Tough decisions: when and why to break a brand partnership tainted by bad behaviour

By Robyn Sefiani, Executive Chair and Reputation Counsel

While there will always be product-related crises like faulty Takata airbags, exploding Samsung phones or Dreamworld’s tragic ride accident, a trend has emerged in the nature of high-profile crises in Australia as a direct result of bad behaviour driven by bad culture. Over the past year, we have seen a streak of deplorable behaviour by large corporates, institutions and people in positions of power – be they Chairs, CEOs or sporting celebrities.

This trend has caused reputational damage to some of Australia’s most trusted brands, like AMP, Commonwealth Bank and Cricket Australia. The ramifications are immense with brand and financial value eroded. For example, $2 billion was wiped off AMP’s value as an ASX listed company, both the Chair and CEO resigned in strained circumstances and incoming Chair David Murray said it will take years to restore public trust in AMP.

For many Australians, the shame of our fallen cricketing heroes hit close to home when Cricket Australia suffered its worst crisis since the underarm bowling incident of 1981. Three players in our national team colluded in a ball-tampering cheating incident in South Africa sparking shock, disbelief and outrage here and around the cricketing world.

The players involved returned home in disgrace. Steve Smith, Cameron Bancroft and David Warner were immediately dumped by their individual sponsors (Weet-Bix, ASICS and LG respectively) who cited cheating as fundamentally contrary to their brand values. News of the broken partnerships flew thick and fast after the press conference confirming the scandal, alongside speculation of more to come.

Before long, Magellan Financial Group dropped its $20 million three-year naming rights deal with Cricket Australia, issuing a statement to the ASX saying cheating was incompatible with Magellan’s brand values and the partnership could not continue.

This poses an important question for marketing and brand managers, which was a topic I addressed recently on a “Panic Stations” panel discussion at Mumbrella360. How do you respond when a brand or individual you sponsor is contaminated by a reputational crisis? How do you decide whether to stand firm or walk away?

Qantas’ response to the Cricket Australia scandal provides a good example of one answer to this question. While several brands rapidly abandoned Cricket Australia, others were not so quick to cut ties. Alan Joyce, CEO of Qantas (a Cricket Australia sponsor) directly called out the crisis, leader to leader, expressing “extreme disappointment” and demanding Cricket Australia address the problem, and address it fast. He cited the ball-tampering incident as contrary to Australia’s core value of a fair go for all, positioning Qantas as a defender of Australian values.

Alan Joyce’s response showed how leaders and brand managers should not panic when a crisis hits. Although the temptation may be to immediately remove your brand from a possibly-damaging partnership, and this was rightly the decision of brands sponsoring the cheating players, there are important questions to be asked before you sever (or confirm) a partnership.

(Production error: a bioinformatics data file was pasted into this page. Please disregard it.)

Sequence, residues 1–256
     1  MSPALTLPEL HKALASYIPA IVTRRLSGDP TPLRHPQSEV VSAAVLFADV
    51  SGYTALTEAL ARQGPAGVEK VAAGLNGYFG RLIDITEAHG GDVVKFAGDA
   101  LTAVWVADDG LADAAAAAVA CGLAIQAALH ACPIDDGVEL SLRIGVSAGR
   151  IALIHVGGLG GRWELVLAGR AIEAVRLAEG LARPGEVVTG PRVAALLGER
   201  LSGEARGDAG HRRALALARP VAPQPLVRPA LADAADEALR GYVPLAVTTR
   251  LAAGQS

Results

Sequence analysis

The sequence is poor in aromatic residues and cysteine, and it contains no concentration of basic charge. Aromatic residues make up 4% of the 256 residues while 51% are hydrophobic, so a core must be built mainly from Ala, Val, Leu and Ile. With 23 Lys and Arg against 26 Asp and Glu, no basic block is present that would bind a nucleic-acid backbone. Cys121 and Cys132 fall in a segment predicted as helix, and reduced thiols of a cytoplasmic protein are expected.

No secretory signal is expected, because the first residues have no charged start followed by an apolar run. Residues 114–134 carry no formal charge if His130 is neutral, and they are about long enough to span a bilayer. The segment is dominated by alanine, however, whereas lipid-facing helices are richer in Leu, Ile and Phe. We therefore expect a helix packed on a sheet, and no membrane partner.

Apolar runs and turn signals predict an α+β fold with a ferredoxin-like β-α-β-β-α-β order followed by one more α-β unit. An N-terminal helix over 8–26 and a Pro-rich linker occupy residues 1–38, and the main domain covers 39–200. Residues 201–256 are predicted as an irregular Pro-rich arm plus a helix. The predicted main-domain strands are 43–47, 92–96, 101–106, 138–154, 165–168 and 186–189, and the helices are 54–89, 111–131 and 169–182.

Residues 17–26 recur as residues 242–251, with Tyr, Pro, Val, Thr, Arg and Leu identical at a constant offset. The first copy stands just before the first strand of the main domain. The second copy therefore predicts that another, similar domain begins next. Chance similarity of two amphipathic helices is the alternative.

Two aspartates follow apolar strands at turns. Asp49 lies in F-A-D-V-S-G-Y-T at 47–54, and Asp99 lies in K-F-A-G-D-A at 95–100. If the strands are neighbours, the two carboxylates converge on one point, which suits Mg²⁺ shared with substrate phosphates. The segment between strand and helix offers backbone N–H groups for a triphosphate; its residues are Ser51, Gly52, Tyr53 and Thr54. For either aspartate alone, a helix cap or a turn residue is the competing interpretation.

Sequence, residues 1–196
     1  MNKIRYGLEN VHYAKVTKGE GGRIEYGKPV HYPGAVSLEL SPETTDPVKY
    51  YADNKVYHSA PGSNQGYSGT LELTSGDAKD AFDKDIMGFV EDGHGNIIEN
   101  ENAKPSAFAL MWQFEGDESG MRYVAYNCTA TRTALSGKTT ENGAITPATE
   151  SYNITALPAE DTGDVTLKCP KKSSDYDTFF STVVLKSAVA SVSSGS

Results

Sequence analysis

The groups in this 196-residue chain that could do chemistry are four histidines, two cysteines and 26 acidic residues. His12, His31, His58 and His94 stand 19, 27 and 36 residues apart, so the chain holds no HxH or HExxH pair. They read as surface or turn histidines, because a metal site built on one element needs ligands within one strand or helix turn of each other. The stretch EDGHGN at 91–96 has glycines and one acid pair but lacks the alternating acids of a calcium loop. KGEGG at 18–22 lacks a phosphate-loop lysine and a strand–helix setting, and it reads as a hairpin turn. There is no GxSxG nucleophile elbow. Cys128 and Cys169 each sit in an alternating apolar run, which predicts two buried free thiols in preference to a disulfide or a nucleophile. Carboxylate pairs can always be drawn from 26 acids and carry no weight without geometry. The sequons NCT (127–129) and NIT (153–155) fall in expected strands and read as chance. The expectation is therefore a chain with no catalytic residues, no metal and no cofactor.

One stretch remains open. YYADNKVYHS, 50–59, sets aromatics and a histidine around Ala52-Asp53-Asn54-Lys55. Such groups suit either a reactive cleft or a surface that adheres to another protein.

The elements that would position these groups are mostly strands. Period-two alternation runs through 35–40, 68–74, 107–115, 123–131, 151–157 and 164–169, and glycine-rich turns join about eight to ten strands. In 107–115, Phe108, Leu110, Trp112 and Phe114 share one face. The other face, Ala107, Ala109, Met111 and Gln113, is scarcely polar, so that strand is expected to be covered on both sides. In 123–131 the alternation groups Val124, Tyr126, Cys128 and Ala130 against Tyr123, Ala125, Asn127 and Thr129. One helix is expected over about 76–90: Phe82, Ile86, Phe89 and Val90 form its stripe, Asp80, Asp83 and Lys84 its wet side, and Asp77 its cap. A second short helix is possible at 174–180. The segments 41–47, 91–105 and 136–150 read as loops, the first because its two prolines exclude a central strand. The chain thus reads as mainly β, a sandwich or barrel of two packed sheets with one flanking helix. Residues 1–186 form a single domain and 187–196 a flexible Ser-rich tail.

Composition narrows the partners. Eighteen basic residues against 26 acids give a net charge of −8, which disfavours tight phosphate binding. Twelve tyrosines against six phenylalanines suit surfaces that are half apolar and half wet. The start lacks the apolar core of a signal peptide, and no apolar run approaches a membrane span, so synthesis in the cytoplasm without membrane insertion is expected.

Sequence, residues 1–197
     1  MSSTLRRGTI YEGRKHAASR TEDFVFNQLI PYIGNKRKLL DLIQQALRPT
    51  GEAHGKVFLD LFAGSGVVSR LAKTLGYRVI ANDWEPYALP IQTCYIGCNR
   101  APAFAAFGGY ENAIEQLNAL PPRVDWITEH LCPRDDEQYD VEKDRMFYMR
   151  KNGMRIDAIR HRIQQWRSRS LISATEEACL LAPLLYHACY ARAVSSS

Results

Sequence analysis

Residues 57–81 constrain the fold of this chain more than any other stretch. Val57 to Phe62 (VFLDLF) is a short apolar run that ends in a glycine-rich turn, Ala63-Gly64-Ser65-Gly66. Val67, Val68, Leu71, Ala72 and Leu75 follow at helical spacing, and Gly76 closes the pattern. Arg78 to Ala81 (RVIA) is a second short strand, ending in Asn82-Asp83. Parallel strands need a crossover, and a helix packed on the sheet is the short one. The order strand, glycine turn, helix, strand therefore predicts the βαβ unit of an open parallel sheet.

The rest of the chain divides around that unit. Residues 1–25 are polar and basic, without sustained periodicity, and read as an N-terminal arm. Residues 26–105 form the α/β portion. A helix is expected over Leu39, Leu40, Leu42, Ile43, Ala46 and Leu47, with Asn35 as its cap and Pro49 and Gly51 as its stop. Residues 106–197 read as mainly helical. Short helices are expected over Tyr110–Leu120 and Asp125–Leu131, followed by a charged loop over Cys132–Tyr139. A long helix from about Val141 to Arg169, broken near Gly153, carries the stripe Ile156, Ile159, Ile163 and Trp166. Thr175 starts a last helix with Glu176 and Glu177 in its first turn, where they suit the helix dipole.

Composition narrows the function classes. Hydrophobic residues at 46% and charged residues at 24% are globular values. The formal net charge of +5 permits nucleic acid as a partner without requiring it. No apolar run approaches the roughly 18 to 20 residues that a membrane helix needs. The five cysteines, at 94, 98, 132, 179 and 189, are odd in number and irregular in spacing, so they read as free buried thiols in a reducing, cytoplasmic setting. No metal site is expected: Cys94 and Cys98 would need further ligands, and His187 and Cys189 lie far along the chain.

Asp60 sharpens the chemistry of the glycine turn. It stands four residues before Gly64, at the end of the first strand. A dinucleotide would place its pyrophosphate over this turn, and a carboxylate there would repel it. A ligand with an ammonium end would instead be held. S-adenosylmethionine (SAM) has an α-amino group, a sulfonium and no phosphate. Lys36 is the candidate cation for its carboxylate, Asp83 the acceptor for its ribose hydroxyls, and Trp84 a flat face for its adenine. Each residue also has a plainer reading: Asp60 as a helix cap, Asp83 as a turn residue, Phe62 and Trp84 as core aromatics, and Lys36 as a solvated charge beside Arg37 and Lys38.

1. How deep and broad is the crisis (has there been any loss of life?) and how are stakeholders affected?
  2. Is the organisation or individual at the centre of the crisis truly remorseful and determined to address the problem?
  3. What are the consequences of maintaining or breaking the partnership, and what timeframe needs to be considered for a decision to stay or go?

Qantas and its CEO undoubtedly considered these questions and took a considered risk in continuing a brand partnership with Cricket Australia. Joyce’s reputation as a leader with high integrity enabled him to take that risk. When a crisis hits a company directly or via a brand partnership, the best asset a company can have is a leader with a record of trustworthiness and resolution in the face of adversity.

Many of Cricket Australia’s sponsors stood by the sporting body after expressing shock and disappointment. This provided time for those brands to assess whether the damage would be too great to sustain an ongoing partnership while also no doubt conducting brand risk analysis, closely monitoring social media sentiment and customer feedback.

Interestingly, recently, real estate classifieds company Domain announced a 4-year naming rights deal with Cricket Australia. In a statement, Domain said “Our aligned audience strategies.… present a unique opportunity for both brands. We believe the ‘spirit of cricket’ is resilient and look forward to the growth opportunities this partnership will provide.”

When fallen companies and individuals demonstrate genuine dedication to building a more honest and transparent culture after a crisis caused by bad behaviour, and if the brands they partner with communicate clearly about their reasons for sticking by the partnership (and their expectations and demands for better behaviour in future), there is still hope on the horizon for the crisis-stricken brand. However, recovery and rebuilding public trust can be slow, and for some, the horizon will still seem a long way off.

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